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Stroke. 2001 May;32(5):1176-80.

Incidence and significance of early aneurysmal rebleeding before neurosurgical or neurological management.

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Department of Neurosurgery, Hirosaki University School of Medicine, Hirosaki, Japan.



Rebleeding is a major cause of death and disability in aneurysmal subarachnoid hemorrhage (SAH); however, there has been no report focusing on rebleeding before hospitalization in neurosurgical or neurological institutions. The aim of this study was to clarify the incidence of prehospitalization rebleeding, its impact on the clinical course and prognosis in patients with aneurysmal SAH, and the possible factors inducing it.


In 273 patients who were admitted to our institution within 24 hours after the initial SAH bleeding and whose clinical course before admission could be fully evaluated, the patients' clinical conditions and CT findings on admission, operability, prognosis, and possible factors inducing rebleeding were comparatively evaluated between the patients with and without an episode of prehospitalization rebleeding.


Of the 273 patients, 37 (13.6%) patients suffered from 39 episodes of rebleeding in the ambulance or at the referring hospital before admission to our hospital. The peak time of rebleeding was within 2 hours (77%), in which the incidence was statistically significant compared with that occurring 2 to 8 hours after the initial SAH bleeding (P<0.01). The group experiencing rebleeding showed more severe Hunt and Hess grades on admission, higher rates of intracerebral hematoma, of intraventricular hematoma, and of subdural hematoma on CT scan on admission, less operability, and poorer prognoses with statistically significant differences compared with the group that did not experience rebleeding. Systolic arterial pressure >160 mm Hg was a possible risk factor of rebleeding (odds ratio 3.1, 95% CI 1.5 to 6.8).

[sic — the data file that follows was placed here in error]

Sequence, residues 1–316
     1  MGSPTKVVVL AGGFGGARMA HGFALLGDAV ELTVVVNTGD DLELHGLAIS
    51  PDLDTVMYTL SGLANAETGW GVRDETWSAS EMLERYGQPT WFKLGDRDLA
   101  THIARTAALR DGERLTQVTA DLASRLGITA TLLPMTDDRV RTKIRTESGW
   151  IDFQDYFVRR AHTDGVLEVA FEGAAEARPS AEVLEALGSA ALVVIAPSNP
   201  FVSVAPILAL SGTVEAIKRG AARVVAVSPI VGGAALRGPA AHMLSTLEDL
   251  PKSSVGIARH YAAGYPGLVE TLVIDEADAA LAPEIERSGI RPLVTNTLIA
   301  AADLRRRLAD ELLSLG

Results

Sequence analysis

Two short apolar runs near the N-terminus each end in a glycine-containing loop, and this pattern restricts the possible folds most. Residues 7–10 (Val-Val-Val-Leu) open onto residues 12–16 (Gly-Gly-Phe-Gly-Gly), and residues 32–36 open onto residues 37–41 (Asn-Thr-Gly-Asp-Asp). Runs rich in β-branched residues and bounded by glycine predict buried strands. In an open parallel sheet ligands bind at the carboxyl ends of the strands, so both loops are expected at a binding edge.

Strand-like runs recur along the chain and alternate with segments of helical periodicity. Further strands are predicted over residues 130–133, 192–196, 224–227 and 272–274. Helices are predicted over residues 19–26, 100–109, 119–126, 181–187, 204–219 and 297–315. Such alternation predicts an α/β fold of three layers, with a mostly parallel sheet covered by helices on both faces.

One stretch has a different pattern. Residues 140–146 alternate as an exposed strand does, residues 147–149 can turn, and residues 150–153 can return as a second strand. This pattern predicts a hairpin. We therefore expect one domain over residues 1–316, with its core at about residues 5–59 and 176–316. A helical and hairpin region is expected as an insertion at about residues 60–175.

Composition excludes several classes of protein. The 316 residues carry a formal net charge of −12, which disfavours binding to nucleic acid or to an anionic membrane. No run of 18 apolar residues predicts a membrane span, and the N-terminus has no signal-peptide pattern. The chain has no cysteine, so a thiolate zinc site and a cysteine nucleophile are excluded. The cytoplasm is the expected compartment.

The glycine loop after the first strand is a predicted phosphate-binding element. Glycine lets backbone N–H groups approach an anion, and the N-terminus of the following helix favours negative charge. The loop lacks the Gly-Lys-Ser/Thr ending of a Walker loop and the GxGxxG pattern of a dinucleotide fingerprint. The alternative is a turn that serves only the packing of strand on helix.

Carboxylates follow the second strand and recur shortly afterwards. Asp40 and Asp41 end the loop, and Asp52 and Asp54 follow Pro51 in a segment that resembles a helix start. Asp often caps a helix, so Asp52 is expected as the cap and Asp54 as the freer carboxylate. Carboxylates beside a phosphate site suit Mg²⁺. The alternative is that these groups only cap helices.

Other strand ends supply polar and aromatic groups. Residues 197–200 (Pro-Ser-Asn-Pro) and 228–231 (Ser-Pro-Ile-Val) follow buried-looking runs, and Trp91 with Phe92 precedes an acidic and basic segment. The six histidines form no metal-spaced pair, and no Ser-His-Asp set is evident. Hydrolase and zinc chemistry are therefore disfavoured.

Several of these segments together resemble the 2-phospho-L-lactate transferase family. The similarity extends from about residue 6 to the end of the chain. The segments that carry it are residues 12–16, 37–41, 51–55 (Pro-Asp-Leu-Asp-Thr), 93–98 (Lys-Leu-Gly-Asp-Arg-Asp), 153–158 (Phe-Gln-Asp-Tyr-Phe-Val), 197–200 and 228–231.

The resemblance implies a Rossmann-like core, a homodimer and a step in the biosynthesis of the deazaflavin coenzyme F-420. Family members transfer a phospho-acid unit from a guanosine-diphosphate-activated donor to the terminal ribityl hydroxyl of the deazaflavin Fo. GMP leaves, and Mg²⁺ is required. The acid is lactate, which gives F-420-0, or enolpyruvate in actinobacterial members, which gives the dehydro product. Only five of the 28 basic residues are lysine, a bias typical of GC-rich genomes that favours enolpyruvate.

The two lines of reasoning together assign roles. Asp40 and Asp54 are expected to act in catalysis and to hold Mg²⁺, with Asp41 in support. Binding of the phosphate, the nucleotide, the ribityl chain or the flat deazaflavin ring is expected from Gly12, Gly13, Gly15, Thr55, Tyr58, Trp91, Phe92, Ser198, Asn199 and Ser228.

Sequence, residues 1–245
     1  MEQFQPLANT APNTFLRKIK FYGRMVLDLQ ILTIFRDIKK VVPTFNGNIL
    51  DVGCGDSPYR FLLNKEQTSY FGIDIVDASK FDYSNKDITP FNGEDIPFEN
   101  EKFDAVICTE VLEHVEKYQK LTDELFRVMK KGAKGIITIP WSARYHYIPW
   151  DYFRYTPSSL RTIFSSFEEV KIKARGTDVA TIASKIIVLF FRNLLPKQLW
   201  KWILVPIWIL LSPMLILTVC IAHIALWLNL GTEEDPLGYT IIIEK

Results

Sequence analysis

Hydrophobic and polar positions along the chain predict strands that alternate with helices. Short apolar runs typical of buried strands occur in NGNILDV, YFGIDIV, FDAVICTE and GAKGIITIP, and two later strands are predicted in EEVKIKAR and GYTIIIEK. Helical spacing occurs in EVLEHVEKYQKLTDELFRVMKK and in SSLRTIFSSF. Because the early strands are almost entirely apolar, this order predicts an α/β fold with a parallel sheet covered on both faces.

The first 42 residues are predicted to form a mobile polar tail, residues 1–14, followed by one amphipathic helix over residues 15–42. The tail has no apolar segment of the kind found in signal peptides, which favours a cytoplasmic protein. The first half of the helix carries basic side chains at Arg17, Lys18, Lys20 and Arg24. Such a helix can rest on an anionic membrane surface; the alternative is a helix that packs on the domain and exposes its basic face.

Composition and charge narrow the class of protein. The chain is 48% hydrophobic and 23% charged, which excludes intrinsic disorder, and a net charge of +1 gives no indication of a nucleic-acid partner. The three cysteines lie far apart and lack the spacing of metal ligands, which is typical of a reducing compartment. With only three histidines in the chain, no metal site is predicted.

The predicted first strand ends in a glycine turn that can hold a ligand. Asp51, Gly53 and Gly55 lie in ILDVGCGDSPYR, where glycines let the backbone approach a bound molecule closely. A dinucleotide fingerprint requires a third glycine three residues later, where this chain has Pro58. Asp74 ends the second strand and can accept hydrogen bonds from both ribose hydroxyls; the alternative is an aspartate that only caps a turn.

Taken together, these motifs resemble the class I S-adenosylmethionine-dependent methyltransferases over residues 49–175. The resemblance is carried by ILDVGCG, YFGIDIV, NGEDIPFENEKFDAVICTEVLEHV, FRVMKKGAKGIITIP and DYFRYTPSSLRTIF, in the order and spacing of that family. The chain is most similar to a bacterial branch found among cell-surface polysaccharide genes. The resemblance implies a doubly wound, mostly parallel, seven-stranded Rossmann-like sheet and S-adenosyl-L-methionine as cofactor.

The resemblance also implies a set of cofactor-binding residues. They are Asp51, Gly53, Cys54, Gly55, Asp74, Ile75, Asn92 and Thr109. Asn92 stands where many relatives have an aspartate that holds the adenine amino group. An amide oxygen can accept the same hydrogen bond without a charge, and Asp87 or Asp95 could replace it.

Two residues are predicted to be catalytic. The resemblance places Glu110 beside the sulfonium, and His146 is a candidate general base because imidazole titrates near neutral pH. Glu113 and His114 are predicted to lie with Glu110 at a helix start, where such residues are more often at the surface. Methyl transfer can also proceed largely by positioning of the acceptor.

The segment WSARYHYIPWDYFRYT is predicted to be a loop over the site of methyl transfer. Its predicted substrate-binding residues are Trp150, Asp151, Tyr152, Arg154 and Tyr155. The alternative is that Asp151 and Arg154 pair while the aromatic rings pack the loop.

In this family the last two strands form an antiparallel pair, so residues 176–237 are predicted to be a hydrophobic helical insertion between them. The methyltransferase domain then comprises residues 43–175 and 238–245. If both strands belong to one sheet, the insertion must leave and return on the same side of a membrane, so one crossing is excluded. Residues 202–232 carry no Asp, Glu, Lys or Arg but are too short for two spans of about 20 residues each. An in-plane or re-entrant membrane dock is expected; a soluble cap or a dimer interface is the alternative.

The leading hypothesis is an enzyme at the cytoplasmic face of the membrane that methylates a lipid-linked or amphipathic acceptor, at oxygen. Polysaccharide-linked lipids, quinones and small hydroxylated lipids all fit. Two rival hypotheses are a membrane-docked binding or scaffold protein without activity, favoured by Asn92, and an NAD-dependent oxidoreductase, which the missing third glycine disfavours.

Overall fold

Rebleeding during transfer and at the referring hospital is not rare. To improve overall outcome of aneurysmal SAH, the results obtained in this study should be made available to general practitioners and the doctors devoted to emergency medicine.

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